"Generally, courts operate on a 10 % copyng / alteration scale." In other words, you must change the image by 10 % to be able to use it legally " without repercussion. If using the work for educational, journalistic, or critical purposes, limited reproduction is usually allowed. If using the image as source material for the creation of a new artwork, the subsequent work must be ' substantially different ' from the original or a copyright infringement will have occurred.

"The copyright lasts for the life of the artist plus 50 years or for 75 years if the copyright is on work for hire or by an unknown author. After this the work enters into the public domain and reproduction is allowed. So when importing images as sources to create a work of your own expression, consider the following:

Do you have permission to use the image ? Is the work in the public domain ? Is your resulting image ' substantially different ' from the imported image ? How so ? Can your use of the image be considered criticism ? Lampooning or satire ?

"When in doubt, use your own photographs, drawings. etc. Ethically, whatever you present as art is in fact being presented as your own idea(s). If you rely upon the work of others with few modifications or newly-formed relationships, can you really call it your own ?

Aesthetically, if you simply cut and paste the work of others together, you are simply using someone else's sense of priorities and visual ideas. Can you really call the result, your own personal aesthetic ?

In this class, personal expression is of the utmost importance. If your work does not meet the legal copyright restrictions, it will not be accepted. If your work does not meet the copyright standard, it is in fact plagiarized..."

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What's the Fuss About ?

... Or, "My 2 Bit's Worth"

The following is an excerpt from a book I'm currently writing. Copyright infringement is a subject I feel very strongly about. Anyone is certainly free to disagree, but in this lab at least, they must follow U.S. Copyright statutes...

"Many computer users - Internet users in particular - seem to have difficulty understanding that copyright is a serious issue. Their contention is that "everyone's taking MP3's and pictures off the Net". The ease with which copyrights can be violated online, and the prevalence of this activity, seems to legitimize it in the eyes of many.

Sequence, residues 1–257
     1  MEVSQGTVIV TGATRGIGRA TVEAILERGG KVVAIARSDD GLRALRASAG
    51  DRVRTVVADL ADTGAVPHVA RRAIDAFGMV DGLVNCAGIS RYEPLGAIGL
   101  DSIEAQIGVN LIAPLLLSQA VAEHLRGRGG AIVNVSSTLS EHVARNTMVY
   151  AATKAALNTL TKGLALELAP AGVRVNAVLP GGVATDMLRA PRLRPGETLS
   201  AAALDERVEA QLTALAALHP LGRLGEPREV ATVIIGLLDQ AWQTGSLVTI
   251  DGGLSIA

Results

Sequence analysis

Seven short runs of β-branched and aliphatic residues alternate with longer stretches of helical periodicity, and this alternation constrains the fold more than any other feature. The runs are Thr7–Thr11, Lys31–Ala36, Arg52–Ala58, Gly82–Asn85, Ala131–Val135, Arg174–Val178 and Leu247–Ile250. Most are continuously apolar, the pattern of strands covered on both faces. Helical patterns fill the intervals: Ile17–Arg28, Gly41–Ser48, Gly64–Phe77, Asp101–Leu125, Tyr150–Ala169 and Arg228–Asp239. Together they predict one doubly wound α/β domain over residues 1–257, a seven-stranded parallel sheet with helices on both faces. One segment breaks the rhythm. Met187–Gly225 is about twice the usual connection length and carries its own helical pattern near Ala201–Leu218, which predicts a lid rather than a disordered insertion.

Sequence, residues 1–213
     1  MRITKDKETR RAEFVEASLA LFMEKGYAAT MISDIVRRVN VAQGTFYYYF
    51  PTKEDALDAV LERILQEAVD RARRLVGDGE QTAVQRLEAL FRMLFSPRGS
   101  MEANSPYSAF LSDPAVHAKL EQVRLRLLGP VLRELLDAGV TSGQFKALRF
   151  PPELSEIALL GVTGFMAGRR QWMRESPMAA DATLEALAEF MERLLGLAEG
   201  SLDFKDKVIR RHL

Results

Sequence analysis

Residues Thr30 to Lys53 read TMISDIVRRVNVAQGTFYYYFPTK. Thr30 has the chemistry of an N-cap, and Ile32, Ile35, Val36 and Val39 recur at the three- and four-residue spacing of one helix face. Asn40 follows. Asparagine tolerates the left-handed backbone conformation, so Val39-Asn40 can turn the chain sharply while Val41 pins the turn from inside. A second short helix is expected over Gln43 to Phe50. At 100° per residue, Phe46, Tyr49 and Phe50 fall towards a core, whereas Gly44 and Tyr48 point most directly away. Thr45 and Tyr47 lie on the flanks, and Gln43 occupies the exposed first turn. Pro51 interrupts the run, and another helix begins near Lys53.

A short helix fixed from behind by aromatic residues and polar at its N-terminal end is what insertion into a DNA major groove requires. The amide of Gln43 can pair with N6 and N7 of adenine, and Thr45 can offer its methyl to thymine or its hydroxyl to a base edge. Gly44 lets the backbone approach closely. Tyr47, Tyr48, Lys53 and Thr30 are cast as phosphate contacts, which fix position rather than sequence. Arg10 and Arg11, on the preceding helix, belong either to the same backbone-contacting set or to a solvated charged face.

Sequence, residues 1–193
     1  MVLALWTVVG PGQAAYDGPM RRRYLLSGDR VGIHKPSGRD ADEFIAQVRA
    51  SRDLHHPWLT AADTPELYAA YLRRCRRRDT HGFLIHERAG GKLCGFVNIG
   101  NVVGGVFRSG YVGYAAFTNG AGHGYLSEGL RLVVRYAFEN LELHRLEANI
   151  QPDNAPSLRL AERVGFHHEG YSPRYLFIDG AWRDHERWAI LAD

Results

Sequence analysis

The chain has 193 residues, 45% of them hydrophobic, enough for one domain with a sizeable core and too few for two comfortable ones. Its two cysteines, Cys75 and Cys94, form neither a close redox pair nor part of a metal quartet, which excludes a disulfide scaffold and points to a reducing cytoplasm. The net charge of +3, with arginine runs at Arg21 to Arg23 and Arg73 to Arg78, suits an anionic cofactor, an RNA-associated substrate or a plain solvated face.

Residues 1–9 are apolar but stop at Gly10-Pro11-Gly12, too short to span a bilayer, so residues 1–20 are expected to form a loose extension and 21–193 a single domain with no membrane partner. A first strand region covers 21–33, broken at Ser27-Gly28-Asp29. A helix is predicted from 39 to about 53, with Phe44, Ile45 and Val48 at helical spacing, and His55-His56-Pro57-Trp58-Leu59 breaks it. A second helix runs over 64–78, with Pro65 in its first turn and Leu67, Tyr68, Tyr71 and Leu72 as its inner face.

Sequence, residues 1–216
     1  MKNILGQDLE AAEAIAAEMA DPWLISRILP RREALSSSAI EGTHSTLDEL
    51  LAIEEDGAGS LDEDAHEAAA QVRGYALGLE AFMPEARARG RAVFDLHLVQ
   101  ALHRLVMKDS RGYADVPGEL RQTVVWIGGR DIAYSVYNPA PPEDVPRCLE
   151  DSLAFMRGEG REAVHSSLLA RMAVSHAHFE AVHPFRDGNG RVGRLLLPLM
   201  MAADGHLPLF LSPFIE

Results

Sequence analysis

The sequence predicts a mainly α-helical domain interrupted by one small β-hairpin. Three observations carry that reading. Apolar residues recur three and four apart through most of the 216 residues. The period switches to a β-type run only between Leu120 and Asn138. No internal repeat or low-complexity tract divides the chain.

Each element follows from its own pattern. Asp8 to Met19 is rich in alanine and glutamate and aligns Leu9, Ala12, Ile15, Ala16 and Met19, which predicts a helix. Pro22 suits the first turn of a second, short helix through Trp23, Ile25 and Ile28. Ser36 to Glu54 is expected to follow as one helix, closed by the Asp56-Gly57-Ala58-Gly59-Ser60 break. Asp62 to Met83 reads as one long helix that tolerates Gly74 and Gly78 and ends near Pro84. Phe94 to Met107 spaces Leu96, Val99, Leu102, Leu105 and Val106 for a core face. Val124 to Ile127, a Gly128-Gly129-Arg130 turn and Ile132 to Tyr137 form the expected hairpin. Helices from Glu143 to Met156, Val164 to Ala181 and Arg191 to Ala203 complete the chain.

A major component in this issue is the facility with which technology allows us to violate another person's copyright. How difficult is it to right-click on a Website image and save it to your hard disk ? Or to make a copy of a CD with a CD burner ?  Some people labor under the wrongful assumption that any behavior, as long as it is relatively easy to do, and is commonplace, is OK.

At issue is the fundamental right of an artist, be they a writer, painter, or musician, to make a livelihood from their work. Taking their work without permission, deprives them of income. Whether a user makes one copy or a million, their actions take away someone's earnings. It is no different than stealing.

Taking someone's work, and then neglecting or refusing to acknowledge their ownership of the piece, is also wrong. Through this action, the author's ownership of the piece is denied, and the audience is deprived of knowing the true author.

If a user takes someone else's work, and also fraudulently claims ownership of a work that they did not create, or sells the work without compensating the true author, then they are committing a crime. A copyright holder in such circumstances, has a strong case for legal action against the perpetrator."

Copyright © 1999 by Oleh Sydor. This material may not be copied by any means without the prior written consent of the author.

Still More About Copyright is a great reference for anyone with questions about copyright issues.

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Liberal Arts · I.C. 2070 ·
Updated 15 Dec 00